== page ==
Was it just pure tactics? According to the Economist (and many other commentators) Sarkozy’s successful battle to remove from the stated EU objectives “free and undistorted competition” had a simple goal: buy popular support at home for the new Treaty. But Sarkozy is unlikely to repeat the same mistakes of Chirac and De Villepin: rather than killing himself with a risky referendum on the Treaty, he will ask the Parliament, where he holds a comfortable majority, to ratify the Treaty. There is yet another interpretation of his editing of the Treaty: he believes that protectionism is indeed the way out of the unskilled workers problem.
While the decline of unskilled labour in rich countries is now undisputed, its main determinants are still to be identified. Is it trade, technological change or weaker wage compressing institutions (e..g., de-unionisation) or combinations of all these factors? Sarkozy seems to believe that it is trade and that some sort of factor price equalisation is at work: allowing free trade, wages of the unskilled workers are unavoidably bound to converge to those of Bangladeshi workers. Thus, we should protect our products rather than subsidising low-skilled workers.
There are three fundamental problems with this way of reading the unskilled labour share problem. First, it does not consider the counterfactual. Second, it is not enforceable. Third, it does not take into account that factor price equalisation is not at all unavoidable under free trade.
What is the counterfactual?
The new international division of labour is mainly the byproduct of falling communication and coordination costs. These technological improvements allow not only manufacturing, but also many service-sector jobs to be offshored . This means that there is much less which is non-tradeable than just a few years ago. True, protectionism can prevent trade from occurring in these activities now subject to international competition. But forcing a tradeable good or service to be non-traded is not just like having a non-tradeable good, a good which is not at all internationally traded. We simply do not know what could happen in this case.
This brings us to the second issue. It seems to me that changes occurring in the division of labour are unpredictable. And they take place within industries, more than across them. In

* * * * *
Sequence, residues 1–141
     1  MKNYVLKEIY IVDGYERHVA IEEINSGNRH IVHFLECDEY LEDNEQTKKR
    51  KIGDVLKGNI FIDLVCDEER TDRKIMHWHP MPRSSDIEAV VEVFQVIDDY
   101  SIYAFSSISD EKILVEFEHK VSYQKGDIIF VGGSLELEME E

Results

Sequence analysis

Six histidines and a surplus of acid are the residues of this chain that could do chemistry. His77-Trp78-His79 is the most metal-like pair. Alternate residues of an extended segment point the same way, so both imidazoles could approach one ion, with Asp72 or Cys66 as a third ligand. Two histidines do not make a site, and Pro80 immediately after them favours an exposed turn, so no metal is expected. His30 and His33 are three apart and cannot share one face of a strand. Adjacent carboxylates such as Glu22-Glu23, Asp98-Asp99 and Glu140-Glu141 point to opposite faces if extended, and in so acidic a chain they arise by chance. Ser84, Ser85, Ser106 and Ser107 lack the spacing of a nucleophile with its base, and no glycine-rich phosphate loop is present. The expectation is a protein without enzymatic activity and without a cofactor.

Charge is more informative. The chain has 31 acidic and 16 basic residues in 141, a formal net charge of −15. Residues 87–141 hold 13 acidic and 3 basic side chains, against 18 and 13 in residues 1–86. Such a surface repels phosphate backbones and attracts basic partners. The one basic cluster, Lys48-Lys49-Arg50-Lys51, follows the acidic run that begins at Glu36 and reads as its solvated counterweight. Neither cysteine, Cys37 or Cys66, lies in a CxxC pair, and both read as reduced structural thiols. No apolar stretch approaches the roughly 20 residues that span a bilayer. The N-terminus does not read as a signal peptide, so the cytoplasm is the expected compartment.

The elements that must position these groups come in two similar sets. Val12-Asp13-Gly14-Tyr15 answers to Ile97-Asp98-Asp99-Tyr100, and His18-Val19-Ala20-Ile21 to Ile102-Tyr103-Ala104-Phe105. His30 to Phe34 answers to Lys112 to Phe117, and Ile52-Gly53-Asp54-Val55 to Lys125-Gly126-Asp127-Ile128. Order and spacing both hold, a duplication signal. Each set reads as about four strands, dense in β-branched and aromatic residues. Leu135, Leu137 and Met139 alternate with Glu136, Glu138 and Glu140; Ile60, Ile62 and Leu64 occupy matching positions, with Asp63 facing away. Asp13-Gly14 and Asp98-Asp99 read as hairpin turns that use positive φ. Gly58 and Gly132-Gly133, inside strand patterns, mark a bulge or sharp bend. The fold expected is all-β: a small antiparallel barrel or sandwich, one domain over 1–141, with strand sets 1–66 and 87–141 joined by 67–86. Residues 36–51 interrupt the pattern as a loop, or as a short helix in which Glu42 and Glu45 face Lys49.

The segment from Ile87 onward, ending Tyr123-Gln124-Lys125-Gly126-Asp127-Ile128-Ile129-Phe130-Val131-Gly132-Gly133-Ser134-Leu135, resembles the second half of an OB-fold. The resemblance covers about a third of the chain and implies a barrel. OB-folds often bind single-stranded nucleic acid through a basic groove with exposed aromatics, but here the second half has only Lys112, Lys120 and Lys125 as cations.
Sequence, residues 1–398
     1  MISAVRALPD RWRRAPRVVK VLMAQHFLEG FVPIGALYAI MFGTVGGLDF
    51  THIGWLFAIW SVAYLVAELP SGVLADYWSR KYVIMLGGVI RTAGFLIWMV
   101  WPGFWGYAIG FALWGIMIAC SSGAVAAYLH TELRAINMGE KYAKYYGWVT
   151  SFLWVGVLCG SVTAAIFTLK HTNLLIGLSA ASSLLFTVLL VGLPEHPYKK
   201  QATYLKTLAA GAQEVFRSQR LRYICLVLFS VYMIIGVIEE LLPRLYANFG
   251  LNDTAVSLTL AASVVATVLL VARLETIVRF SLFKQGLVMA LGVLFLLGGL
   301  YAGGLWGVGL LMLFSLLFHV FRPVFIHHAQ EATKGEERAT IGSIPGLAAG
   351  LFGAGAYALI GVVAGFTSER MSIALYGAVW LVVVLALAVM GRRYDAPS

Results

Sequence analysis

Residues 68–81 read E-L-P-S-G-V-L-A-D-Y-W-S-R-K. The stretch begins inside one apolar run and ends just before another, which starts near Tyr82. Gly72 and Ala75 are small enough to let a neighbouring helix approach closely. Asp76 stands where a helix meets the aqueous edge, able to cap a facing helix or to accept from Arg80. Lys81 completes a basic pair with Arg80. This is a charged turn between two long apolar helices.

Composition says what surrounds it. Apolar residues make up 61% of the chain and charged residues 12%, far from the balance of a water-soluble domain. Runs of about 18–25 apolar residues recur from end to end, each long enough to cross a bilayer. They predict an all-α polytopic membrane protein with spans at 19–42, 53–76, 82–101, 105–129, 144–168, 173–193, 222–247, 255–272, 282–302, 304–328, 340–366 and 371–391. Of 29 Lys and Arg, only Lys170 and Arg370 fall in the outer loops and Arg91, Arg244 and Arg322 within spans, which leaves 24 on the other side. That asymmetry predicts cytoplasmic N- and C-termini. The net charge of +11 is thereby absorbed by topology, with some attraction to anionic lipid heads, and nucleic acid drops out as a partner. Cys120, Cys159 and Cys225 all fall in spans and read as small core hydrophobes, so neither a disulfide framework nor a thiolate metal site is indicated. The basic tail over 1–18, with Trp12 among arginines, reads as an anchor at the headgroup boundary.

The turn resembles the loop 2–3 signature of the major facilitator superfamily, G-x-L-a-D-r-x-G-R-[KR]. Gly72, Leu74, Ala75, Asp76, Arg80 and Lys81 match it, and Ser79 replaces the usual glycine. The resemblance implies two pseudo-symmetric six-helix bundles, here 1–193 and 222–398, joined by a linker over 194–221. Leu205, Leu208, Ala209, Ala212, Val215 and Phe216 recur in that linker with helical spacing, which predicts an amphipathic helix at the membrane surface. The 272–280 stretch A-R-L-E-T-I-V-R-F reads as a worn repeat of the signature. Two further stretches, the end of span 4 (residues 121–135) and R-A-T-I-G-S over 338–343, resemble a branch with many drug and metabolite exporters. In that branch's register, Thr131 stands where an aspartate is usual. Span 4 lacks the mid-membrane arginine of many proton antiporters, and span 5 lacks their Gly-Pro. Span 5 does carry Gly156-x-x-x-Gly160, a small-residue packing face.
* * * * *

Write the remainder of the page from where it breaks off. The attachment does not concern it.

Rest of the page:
The diversification cone
What is certainly dated is my knowledge of trade theory. But I remember that there are many conditions under which factor price equalisation does not occur. This is the case when the endowments of trading partners are very different from each other. Large differences in technologies and factor intensities also prevent factor price equalisation. Data on sectoral K/L ratios suggest that the cross-country variation in factor endowments and capital/labour ratios is often much more marked than the within-country variation. This means that countries may just not belong to the same diversification cone. Under these conditions, even unrestricted trade does not necessarily lead to factor price equalisation.
What can be done then for unskilled workers?
This does not mean that the issue of unskilled labour is unimportant. Quite the opposite, it is the major issue facing social policies in the next decade. But it cannot be addressed by protectionist trade policies. True, the French way is very expensive and may soon become limitlessly expensive. But there is not only the French way.
More imaginative thinking is also required. Wage insurance, supplementing earnings of workers displaced by globalisation in order to preserve their pre-displacement incomes, is a very fascinating idea, but also faces a number of dauntingly difficult enforcement issues. Can pre-displacement earnings be monitored? Isn't there a risk of collusion between employers and displaced workers in raising earnings just prior to the dismissal? And how about artificial dismissals aimed at reducing labour costs of employers?
But the idea of insuring wages is there and is being taken seriously. Experiments should and will be made. Meanwhile, it is better not to use trade policies to protect low-skilled workers. Such a policy agenda would be a major disappointment for the consumers and for the unskilled workers themselves.